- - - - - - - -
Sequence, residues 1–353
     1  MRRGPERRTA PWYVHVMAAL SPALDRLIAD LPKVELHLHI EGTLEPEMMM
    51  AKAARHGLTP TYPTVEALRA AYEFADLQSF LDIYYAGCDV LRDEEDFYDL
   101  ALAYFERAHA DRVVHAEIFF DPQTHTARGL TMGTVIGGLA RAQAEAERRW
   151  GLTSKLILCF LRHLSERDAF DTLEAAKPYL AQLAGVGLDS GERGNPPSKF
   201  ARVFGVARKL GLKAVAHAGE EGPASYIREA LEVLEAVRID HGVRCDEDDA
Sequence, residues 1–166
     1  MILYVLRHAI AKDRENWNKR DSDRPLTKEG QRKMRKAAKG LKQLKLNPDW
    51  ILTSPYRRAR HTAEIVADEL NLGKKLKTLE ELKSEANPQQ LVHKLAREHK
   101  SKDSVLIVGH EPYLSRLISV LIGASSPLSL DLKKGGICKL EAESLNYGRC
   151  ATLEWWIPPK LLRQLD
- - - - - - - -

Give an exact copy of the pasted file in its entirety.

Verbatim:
Sequence, residues 1–353
     1  MRRGPERRTA PWYVHVMAAL SPALDRLIAD LPKVELHLHI EGTLEPEMMM
    51  AKAARHGLTP TYPTVEALRA AYEFADLQSF LDIYYAGCDV LRDEEDFYDL
   101  ALAYFERAHA DRVVHAEIFF DPQTHTARGL TMGTVIGGLA RAQAEAERRW
   151  GLTSKLILCF LRHLSERDAF DTLEAAKPYL AQLAGVGLDS GERGNPPSKF
   201  ARVFGVARKL GLKAVAHAGE EGPASYIREA LEVLEAVRID HGVRCDEDDA
Sequence, residues 1–166
     1  MILYVLRHAI AKDRENWNKR DSDRPLTKEG QRKMRKAAKG LKQLKLNPDW
    51  ILTSPYRRAR HTAEIVADEL NLGKKLKTLE ELKSEANPQQ LVHKLAREHK
   101  SKDSVLIVGH EPYLSRLISV LIGASSPLSL DLKKGGICKL EAESLNYGRC
   151  ATLEWWIPPK LLRQLD